World’s busiest airports in 2023

Aopr 15: Globe-trotters are on the move again in a big way, boosting the rankings of a handful of international aviation hubs on the list of the world’s busiest airports.

There’s no change at the top of the list. The No. 1 airport for passenger volume in 2023, Atlanta’s Hartsfield-Jackson International, has held that position every year — except for pandemic-walloped 2020 — for more than two decades.

But for the first time, Dubai takes the No. 2 ranking, according to Airports Council International’s preliminary rankings for 2023, released on Monday.

“Dubai served around 87 million passengers in 2023. That is a year-to-year increase of 31%, and that is 1% higher than 2019. And they connected 262 destinations around 104 countries to 102 international carriers,” said Luis Felipe de Oliveira, ACI World’s director general.

The airport’s jump up from No. 5 in 2022 is representative of a big growth area in aviation, with industry expansion in emerging and developing economies in the Middle East and Asia Pacific expected at more than twice the rate of advanced economies in the decades to come, de Oliveira said.

But Atlanta doesn’t have too much to worry about for now. With 104.7 million passengers in 2023, Dubai’s not nipping at its heels just yet.

That figure is still about 5% below ATL’s pre-pandemic 2019 passenger total, but de Oliveira said ACI expects Atlanta to serve about 110 million passengers in 2024 – bringing the airport back to 2019 passenger levels.

Globally, passenger traffic in 2023 grew by 27% from 2022 to reach nearly 94% of 2019 results, with domestic travel rebounding more quickly from the pandemic — growing by 20% from 2022 to reach almost 97% of 2019 levels.

The world’s largest domestic market, the United States, had four more airports – all with significant domestic passenger shares – in the top 10 in 2023: Dallas/Fort Worth (No. 3), Denver (No. 6), Los Angeles (No. 8) and Chicago O’Hare (No. 9).

International travel is driving recovery

But in 2023, it was the international market that drove the recovery, growing about 37% to reach about 90% of 2019 figures. And while Dubai is the No. 2 airport for overall traffic, it’s No. 1 in the world for international passengers. Plus, it has evolved into a destination in its own right.

London Heathrow, another strong international player, jumped up from No. 8 in 2022 to No. 4 last year. But it was Tokyo Haneda in Japan that made the biggest leap – from No. 16 to No. 5, thanks largely to Japan’s reopening. It’s a welcome indicator that Asia’s passenger numbers are getting back on track, de Oliveira said.

Istanbul’s airport held steady at No. 7, and Indira Gandhi International Airport in New Delhi dropped one spot from No. 9 in 2022 to No. 10 last year. India, with an enormous population and an increasingly connected aviation network, is an example of growth in the industry’s “capillarity” in different parts of the world.

“In the US, you have a very good capillarity in the system – the small, medium and big airports connecting with each other. We don’t have that in many parts of the world,” de Oliveira said.

But it’s growing rapidly in India, he said, with Air India and IndiGo buying hundreds of aircraft and the government investing in the country’s more than 140 airports.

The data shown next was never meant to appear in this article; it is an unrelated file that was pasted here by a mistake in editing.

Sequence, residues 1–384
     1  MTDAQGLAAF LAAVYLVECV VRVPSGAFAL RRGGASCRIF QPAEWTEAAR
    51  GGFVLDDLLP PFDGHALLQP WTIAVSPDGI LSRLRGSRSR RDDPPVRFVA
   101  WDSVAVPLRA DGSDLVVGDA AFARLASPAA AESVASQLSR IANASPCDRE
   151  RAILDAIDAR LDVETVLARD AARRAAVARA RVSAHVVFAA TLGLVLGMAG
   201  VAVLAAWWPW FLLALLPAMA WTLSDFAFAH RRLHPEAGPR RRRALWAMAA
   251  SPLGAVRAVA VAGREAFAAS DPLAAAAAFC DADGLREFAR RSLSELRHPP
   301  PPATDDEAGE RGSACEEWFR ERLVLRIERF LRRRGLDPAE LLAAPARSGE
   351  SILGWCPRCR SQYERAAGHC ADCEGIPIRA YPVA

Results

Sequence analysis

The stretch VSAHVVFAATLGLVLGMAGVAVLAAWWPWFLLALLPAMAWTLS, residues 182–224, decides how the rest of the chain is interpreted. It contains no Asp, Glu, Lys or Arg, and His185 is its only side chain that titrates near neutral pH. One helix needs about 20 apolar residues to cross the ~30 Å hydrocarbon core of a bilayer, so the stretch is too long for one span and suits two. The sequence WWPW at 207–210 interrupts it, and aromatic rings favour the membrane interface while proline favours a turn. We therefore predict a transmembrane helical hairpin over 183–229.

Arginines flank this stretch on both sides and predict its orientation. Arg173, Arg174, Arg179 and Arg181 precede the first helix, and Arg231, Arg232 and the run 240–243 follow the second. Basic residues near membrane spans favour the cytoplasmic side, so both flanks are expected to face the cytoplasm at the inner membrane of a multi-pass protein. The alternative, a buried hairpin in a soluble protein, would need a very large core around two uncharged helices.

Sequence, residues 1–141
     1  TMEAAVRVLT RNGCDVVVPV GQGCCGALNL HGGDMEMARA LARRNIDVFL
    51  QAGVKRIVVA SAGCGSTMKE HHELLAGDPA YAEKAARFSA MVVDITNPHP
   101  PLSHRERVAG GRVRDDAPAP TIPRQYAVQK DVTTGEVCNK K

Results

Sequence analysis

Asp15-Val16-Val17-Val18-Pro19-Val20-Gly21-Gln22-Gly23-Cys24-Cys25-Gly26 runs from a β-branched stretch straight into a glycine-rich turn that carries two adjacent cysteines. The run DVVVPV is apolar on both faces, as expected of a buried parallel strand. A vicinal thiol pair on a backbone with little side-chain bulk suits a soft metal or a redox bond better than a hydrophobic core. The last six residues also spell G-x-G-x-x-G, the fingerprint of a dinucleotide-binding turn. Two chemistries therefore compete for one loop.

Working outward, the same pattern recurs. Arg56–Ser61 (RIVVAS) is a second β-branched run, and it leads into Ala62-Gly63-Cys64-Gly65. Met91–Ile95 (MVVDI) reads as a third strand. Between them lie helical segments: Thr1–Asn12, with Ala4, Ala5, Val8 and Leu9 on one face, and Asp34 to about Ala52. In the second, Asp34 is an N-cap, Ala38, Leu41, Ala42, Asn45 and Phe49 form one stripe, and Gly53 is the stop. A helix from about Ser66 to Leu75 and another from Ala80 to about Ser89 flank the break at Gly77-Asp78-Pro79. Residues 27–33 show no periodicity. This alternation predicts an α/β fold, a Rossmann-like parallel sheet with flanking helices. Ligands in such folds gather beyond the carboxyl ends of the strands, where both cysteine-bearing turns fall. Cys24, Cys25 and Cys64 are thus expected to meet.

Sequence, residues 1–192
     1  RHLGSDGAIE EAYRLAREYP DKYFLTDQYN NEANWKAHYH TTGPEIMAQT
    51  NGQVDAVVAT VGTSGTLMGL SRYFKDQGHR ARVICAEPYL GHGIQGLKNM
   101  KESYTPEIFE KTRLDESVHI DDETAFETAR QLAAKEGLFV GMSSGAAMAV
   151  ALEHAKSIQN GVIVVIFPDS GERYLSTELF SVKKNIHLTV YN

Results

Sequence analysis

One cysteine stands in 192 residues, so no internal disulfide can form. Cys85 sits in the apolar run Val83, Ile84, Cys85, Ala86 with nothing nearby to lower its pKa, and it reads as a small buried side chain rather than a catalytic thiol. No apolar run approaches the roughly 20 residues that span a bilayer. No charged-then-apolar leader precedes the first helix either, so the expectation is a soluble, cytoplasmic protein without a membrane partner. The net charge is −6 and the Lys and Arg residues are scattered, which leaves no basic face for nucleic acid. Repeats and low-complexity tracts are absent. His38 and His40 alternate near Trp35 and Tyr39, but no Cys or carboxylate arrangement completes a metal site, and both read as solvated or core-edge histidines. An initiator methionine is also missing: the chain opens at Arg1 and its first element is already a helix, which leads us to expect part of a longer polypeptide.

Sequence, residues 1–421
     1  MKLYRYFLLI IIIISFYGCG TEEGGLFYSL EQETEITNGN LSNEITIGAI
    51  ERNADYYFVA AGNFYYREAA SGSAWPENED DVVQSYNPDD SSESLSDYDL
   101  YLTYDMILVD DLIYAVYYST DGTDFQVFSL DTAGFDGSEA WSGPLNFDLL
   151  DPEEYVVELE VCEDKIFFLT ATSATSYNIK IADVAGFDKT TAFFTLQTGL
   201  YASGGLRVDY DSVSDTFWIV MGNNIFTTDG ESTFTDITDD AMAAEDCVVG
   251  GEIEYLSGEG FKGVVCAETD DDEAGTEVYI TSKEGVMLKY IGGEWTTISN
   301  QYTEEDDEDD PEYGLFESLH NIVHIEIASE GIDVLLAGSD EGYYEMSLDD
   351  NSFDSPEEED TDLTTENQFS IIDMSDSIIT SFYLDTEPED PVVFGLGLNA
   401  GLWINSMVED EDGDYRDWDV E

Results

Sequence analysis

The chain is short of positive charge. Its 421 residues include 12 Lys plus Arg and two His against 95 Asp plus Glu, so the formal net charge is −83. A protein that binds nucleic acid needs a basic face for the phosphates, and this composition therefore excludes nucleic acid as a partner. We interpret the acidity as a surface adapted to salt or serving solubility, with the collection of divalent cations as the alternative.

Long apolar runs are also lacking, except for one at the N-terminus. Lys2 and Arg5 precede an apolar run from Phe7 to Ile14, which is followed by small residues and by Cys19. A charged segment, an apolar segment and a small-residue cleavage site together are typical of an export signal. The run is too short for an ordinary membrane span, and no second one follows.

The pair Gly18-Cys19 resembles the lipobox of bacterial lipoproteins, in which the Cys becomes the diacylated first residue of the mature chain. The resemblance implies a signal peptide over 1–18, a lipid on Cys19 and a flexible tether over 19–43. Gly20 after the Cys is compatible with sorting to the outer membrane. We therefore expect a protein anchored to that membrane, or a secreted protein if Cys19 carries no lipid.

The 2023 global total passengers figure is close to 8.5 billion, according to ACI’s preliminary figures.

Smoothing out rough air

The global outlook is “very positive” for continued growth. “In 2020, we lost like 20 years of development of the aviation sector in one year, so we are recovering very fast considering that,” de Oliveira said.

In 2023, the system was able to cope better with surging demand than it did earlier in the pandemic rebound, he said, although there are still some pressure points, including a shortage of US air traffic controllers.

There’s also very high demand for new, more efficient aircraft to reduce fuel costs and increase sustainability.

In addition to the most recent production slowdowns precipitated by issues with Boeing aircraft, supply chain slowdowns have contributed to a backlog of orders. The supply chain issues have improved, but the backlog is still significant, de Oliveira said.

Aircraft delivery delays could affect growth if airlines aren’t able to cope with demand, but he added that airlines are consequently likely to delay retiring less efficient planes to continue to meet strong demand.

Everything that happened as a result of the pandemic has underlined the importance of being ready for future issues, de Oliveira said, and ACI is working with member airports to become more resilient.

“That is always with the focus on the passenger … We have this ecosystem if the ecosystem doesn’t work well, the passenger suffers.”

World’s top 10 busiest airports for passenger traffic in 2023

1.  Hartsfield-Jackson Atlanta, Georgia (ATL):  104.7 million passengers; up 11.7% from 2022

2.  Dubai, United Arab Emirates (DXB):  87 million passengers; up 31.7% from 2022

3.  Dallas/Fort Worth, Texas (DFW): 81.8 million passengers; up 11.4% from 2022

4.  London Heathrow, United Kingdom (LHR): 79.2 million passengers; up 28.5% from 2022

5.  Tokyo Haneda, Japan (HND): 78.7 million passengers; up 55.1% from 2022

6.  Denver, Colorado (DEN): 77.8 million passengers; up 12.3% from 2022

7.  Istanbul, Turkey (IST): 76 million passengers; up 18.3% from 2022

8.  Los Angeles, California (LAX): 75.1 million passengers; up 13.8% from 2022

9.  Chicago O’Hare, Illinois (ORD): 73.9 million passengers; up 8.1% from 2022

10. Delhi, India (DEL): 72.2 million passengers; up 21.4% from 2022

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